Anxiety lives in the future. It cannot exist in the present moment. If something bad is happening in the present moment, you might not like it, but you are not anxious about it. Anxiety requires the ambiguity of the future. The never-ending “what if” questions. You cannot ask “what if” questions about what has already happened, or what is currently happening. Anxiety thrives in the unknown.
Workplaces do not start off toxic, they develop into hostile environments over time. Get the warning signs a work environment is corroding -- and practical tips to help fix the problems. Disgruntled employees. Low morale. Infighting. Wasted time and low…
In recent months, there has been an increase in the discussions of the high rates of substance abuse and mental health issues burdening lawyers, rates much higher than the general population. A recent study has confirmed what many of us…
Given the prevalence of alcohol abuse and the opioid epidemic across the US, it is probably safe to say that everyone either knows of someone or has heard of someone in the media who has suffered from substance abuse. Some of these stories do not strike us as surprising because they fit our stereotypes of what a substance abuser looks like. We are usually not taken off guard by stories of wealthy, bored celebrities living a party lifestyle eventually entering rehab for a substance abuse problem or hearing about the high rates of drug abuse among homeless individuals (assuming that those examples reflect stereotypes you hold).
Many times when I see lawyers (or their family members) for assessment at LCL, I go on to refer them to an outside provider for ongoing therapy/counseling. Unfortunately but necessarily, often the first consideration in choosing a provider is a review of the individual’s managed care provider list. (I always hope the list includes people we know.)
We all have times in our lives when things feel chaotic; when it feels like everything that is important in our lives is outside of our control and we cannot improve our plight. The typical reaction to this situation is to exert more effort directed at changing things that are outside of our control, followed by an increase in our stress. Obviously, this is an ineffective strategy, yet it is one that we almost instinctively attempt. So instead of running on that hamster wheel, what else can you do?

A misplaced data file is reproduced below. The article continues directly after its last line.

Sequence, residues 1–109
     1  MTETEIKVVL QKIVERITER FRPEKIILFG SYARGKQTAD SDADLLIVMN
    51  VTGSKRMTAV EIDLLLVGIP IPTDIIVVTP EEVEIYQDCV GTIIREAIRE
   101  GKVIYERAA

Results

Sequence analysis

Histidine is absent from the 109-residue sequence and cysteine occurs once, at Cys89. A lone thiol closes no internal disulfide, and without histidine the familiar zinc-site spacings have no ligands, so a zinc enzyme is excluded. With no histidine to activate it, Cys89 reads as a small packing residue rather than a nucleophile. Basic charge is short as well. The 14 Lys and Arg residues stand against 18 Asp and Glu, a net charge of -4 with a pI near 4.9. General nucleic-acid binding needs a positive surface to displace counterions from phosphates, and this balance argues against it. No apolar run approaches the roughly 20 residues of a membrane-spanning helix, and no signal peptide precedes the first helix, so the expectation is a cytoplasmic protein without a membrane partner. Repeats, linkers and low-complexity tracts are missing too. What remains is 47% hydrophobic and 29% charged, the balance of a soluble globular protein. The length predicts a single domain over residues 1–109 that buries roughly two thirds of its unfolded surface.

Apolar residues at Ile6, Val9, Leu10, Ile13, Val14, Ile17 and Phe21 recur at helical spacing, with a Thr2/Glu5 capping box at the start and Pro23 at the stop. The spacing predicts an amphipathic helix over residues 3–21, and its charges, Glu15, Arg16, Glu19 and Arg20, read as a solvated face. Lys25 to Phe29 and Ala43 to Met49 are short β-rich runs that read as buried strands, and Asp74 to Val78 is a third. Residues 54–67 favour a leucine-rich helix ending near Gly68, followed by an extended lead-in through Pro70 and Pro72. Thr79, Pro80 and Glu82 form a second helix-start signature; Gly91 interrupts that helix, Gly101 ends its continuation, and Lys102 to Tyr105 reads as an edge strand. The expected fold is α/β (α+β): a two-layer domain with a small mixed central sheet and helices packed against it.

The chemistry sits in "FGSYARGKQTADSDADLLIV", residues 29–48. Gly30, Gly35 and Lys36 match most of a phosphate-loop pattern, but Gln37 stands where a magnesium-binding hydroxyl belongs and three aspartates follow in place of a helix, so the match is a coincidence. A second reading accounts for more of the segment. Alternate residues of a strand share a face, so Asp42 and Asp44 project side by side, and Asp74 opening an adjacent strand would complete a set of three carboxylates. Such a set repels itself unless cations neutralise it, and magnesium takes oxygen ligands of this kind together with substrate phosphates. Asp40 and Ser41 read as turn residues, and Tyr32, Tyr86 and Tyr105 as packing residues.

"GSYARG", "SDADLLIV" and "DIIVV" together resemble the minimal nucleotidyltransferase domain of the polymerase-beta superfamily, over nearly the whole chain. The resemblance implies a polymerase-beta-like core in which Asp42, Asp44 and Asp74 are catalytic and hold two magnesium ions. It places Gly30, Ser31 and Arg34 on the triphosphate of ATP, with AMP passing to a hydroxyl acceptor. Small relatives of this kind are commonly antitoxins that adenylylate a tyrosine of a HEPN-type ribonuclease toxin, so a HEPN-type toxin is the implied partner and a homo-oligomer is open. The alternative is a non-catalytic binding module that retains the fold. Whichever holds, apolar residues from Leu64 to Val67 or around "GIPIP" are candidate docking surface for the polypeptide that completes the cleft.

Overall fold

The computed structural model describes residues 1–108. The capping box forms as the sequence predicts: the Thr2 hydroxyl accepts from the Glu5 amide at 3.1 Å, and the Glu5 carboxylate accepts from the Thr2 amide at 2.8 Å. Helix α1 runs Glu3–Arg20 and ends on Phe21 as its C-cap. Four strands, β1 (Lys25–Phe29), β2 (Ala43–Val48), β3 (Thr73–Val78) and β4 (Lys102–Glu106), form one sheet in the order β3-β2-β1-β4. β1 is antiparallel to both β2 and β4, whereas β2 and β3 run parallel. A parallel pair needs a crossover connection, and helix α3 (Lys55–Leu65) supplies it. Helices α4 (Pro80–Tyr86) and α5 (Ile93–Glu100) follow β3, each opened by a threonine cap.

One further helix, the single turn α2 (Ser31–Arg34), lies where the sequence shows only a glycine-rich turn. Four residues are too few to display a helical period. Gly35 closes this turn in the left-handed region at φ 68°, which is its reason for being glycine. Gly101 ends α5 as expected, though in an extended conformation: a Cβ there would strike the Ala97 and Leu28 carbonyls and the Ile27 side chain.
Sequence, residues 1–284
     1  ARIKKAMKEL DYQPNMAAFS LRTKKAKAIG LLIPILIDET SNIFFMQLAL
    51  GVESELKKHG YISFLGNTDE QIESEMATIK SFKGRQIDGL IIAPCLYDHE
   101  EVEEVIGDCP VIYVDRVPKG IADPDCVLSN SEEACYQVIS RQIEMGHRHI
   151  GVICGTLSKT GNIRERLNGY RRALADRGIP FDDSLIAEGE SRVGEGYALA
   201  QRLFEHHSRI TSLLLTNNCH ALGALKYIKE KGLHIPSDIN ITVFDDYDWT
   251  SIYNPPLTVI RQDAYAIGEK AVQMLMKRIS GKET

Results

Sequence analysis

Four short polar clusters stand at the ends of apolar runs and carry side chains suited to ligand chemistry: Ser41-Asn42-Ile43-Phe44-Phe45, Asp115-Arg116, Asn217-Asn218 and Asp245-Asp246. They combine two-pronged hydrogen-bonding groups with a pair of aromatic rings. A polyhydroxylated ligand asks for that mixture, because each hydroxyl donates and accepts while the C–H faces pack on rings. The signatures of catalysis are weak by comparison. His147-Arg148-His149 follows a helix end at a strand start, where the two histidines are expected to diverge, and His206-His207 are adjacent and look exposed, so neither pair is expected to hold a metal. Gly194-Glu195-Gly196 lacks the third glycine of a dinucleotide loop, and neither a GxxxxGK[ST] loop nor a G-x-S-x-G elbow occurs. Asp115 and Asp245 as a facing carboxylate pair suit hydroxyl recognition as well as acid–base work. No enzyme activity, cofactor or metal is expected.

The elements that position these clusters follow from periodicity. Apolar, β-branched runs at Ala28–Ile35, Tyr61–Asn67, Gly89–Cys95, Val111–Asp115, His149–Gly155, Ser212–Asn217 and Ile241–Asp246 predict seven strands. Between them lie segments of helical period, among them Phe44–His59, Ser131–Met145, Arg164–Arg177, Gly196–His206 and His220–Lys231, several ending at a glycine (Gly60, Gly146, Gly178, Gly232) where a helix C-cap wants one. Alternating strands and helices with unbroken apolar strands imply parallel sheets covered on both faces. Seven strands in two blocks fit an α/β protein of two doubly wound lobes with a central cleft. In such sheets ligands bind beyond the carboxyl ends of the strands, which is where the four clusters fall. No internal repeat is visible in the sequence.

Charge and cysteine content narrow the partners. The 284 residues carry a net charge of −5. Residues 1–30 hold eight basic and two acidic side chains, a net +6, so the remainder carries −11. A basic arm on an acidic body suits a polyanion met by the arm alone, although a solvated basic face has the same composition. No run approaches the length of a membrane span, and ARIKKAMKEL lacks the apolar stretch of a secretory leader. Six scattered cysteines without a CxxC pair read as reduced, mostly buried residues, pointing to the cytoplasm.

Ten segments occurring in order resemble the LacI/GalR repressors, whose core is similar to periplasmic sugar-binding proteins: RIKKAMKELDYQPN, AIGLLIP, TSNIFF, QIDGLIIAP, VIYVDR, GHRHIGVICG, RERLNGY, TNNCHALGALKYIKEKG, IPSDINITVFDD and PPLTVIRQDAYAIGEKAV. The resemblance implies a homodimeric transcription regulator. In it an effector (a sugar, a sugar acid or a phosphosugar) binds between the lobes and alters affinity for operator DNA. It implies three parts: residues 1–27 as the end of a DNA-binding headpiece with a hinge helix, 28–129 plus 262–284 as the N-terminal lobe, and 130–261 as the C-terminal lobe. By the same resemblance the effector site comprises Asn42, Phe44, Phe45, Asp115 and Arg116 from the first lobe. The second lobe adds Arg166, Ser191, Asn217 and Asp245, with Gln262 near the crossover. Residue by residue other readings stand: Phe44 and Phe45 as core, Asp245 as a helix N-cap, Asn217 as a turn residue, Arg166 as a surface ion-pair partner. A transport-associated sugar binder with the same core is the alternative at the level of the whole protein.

Among the numerous factors that seem to contribute to the greatly amplified rate of depression among lawyers is the fact that the sense of mission, of using a law degree to make a positive contribution to the world, which motivation many people to go to law school, can evaporate in the context of real-world ways to make a living and repay those humongous student loans. Some studies suggest that those lawyers whose work lives focus on doing good for society (typically lower paid jobs) are actually in better moods.
It’s annoying, isn’t it, how the news (and not only in the popular press) about how to stay healthy keeps changing? Some years ago, we began to hear reports that consuming alcohol (sometimes it was red wine, sometimes alcohol in general) was associated with living longer, or at least with less or later death from coronary disease and other things. That was a little disconcerting to many nondrinkers (those in recovery and also some of the many Americans who abstain for other reasons), and some even wondered whether it was their medical duty to manage a drink or two a day. (No studies ever suggested that heavy drinking was good for you.)
One of the ways that stress steals your contentment in life is by how quickly we can start to waste most of our free time thinking and worrying about the future. When you are feeling stressed and overwhelmed, it can be hard to shut off the thoughts about what you need to do tomorrow, how you are going to manage a potential crisis at work, how will your superior at the firm react to you requesting time off, or how you need to pull in more clients to keep the practice afloat. These thoughts often do not have concrete solutions. There are no simple answers that will satisfy the concern that you feel. Yet we almost instinctively respond to stress by wasting more time worrying about the sources of that stress.
In our world of individual achievements and the importance of a stellar reputation, it is easy to fall into the trap of believing that you need to do things on your own. Be independent. Handle it yourself. Take care of business on your own. Make it happen. And the pep talk continues. The truth of the matter is that none of us have learned to do anything in a vacuum. We all have needed and benefited from the support of others. Whether it was learning to talk and walk when we were wee ones or learning to make a compelling oral argument, we did it with the help of many people in our lives.